One of the unique differences of Listed Investment Companies (LICs) compared to Exchange Traded Funds (ETFs) is their ability to trade at a significant premium or discount to their Net Asset Values (NAVs), also known as Net Tangible Assets (NTAs).
As explained in our guide to ETFs & LICs, an example helps explain the concept of NAVs and how they can vary with LICs. Let’s take a LIC called XYZ company. Today it is trading for $0.80 per share, however the value of all the underlying investments is worth $1 per share. In this case the LIC is trading at a $0.20 discount to the value of its assets. On the flipside would be a LIC trading at $1.20 per share with underlying investments worth $1 per share. This would be trading at a $0.20 premium to its NAV.
Rationally you might think a LIC would always trade at a similar price to its NAV, but the share market is not always rational. Reasons for a LIC being priced differently to its NAV include a number of factors such as: general market sentiment, out/under performance of LIC compared to its peers, asset class the LIC is invested in and the liquidity of the share. ETF Watch tracks NAVs of all the LICs that we follow, as well a historic NAVs, which is a useful resource if you are interested in investing in LICs.
One of the unique pieces of information ETF Watch tracks is LIC NAVs over time. We display the last 5 years worth of NAV history as a proportion to the share price. For example, the chart on the right shows the NAV Premium or discount for popular LIC Argo. The blue area represents the premium or discount on a post tax basis, and the red area represents the premium or discount on a pre tax basis.
Back to the question, do LICs trade at a premium or discount to their NAV? To test this we’ve taken 16 LICs traded on the ASX. To make the list the LIC had to have:
We’ve given each of these 16 LICs equal weighting (ie, each one contributes 6.25% to the results regardless of their size. For simplicity we also used the pre-tax NAV, rather than the post tax, assuming that none of the funds are about to liquidate their entire holding tomorrow.
The LICs that made the list were:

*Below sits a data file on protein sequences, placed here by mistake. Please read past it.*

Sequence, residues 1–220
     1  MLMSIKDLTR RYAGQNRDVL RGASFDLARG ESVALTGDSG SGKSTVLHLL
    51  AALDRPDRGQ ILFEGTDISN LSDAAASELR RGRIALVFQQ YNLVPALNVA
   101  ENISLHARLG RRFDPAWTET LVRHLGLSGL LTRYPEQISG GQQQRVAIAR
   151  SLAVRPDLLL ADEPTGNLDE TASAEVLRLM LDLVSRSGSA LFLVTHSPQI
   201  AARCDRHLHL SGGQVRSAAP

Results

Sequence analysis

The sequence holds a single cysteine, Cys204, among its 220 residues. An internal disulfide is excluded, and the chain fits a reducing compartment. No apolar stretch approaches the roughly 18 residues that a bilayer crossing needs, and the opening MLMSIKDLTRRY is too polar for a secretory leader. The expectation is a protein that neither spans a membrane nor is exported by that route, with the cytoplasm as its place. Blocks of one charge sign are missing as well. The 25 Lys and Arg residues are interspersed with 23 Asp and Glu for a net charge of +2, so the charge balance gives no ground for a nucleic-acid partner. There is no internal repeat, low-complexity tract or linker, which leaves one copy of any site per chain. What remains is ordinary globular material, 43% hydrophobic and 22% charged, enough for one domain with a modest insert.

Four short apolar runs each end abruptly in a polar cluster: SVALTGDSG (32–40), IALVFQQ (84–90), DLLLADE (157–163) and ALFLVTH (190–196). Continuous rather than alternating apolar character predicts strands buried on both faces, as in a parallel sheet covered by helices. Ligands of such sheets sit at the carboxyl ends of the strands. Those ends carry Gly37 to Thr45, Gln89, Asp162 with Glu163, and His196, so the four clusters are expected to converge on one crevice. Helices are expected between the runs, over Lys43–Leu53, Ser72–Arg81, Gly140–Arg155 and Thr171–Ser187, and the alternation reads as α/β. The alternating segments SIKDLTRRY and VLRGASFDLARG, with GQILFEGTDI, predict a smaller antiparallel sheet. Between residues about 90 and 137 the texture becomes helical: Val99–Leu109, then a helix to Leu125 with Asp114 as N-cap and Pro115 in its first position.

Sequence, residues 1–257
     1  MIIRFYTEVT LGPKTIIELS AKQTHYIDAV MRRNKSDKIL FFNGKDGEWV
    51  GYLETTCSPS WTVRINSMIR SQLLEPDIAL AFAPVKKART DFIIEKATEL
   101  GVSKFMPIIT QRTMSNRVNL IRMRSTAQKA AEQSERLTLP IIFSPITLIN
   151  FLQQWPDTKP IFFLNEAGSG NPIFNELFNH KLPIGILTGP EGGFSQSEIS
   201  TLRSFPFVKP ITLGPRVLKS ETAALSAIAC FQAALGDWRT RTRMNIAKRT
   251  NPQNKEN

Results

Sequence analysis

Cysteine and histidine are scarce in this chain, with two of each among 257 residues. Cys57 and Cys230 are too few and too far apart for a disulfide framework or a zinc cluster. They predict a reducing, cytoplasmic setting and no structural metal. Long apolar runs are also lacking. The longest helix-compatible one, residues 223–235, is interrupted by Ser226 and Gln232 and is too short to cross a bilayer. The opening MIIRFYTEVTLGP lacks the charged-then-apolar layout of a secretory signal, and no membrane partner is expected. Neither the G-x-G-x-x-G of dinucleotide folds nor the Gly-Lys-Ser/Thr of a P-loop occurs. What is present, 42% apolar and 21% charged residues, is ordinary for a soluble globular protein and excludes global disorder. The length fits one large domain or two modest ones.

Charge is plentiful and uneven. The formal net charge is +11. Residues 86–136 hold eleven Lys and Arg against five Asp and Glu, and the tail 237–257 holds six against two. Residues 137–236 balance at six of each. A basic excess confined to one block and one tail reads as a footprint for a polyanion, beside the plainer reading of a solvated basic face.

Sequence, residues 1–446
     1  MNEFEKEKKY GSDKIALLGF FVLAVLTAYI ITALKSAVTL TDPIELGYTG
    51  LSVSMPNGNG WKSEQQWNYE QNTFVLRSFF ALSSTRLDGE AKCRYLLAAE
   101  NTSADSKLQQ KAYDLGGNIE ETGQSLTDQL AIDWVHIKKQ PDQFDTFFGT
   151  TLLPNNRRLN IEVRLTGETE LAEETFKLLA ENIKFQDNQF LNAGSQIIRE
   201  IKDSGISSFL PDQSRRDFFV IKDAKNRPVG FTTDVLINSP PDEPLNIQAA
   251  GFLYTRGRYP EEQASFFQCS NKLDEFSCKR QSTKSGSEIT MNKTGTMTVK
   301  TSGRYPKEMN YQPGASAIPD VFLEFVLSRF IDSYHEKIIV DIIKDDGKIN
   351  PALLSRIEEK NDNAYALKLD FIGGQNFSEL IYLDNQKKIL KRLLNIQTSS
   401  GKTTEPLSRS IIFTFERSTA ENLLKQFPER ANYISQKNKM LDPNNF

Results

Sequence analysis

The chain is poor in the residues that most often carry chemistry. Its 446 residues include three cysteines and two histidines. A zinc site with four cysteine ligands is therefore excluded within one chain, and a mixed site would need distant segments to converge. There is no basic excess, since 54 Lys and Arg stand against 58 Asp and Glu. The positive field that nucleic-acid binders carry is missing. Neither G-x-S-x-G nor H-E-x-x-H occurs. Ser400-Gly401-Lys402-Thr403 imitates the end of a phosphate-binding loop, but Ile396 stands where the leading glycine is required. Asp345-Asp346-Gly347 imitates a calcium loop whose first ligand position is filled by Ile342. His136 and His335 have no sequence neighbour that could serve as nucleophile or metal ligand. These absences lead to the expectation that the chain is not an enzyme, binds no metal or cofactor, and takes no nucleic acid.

|AFI - AFIC||ALR - Aberdeen Leaders|
|AMH - AMCIL||ARG - ARGO|
|ABW - Aurora Absolute Return Fund||AQF - Australian Governance Masters Index Funds|
|ALF - Australian Leaders Fund||AUI - Australian United Investment|
|BKI - BKI Investment Company||CIN - Carlton Investments|
|CYA - Century Australia||DJW - Djerriwarrh Investments|
|IBC - Ironbark Capital||MLT - Milton Corporation|
|WAA - WAM Active||WHF - Whitefield|
The above chart shows a two interesting insights:
I think the first point is simple to explain. LICs due to their closed ended nature mean their price is dictated by the price a buyer and seller are prepared to trade at. In times of market panic, sellers are willing (or forced) to sell at any cost, and buyers are thin on the ground. On the flipside, in times of exuberance, people will overpay. This can explain why the discount tends to get bigger when markets fall.
The reason why LICs have tended to trade very close to NAV or at a premium are harder to pinpoint, but I think can be explained by one or many of the following:
There’s a couple of learnings that I’ve taken out of this exercise.
Firstly, in times of market panic there may be opportunity with a contrarian approach to buy LICs and profit from their reversion back to their true NAV when markets recover.
Secondly, for over 2 years LICs have on general traded closer to their true Net Asset Value. If this trend continues expect the investment community to take more notice and see the sector continue to grow.
What are your thoughts?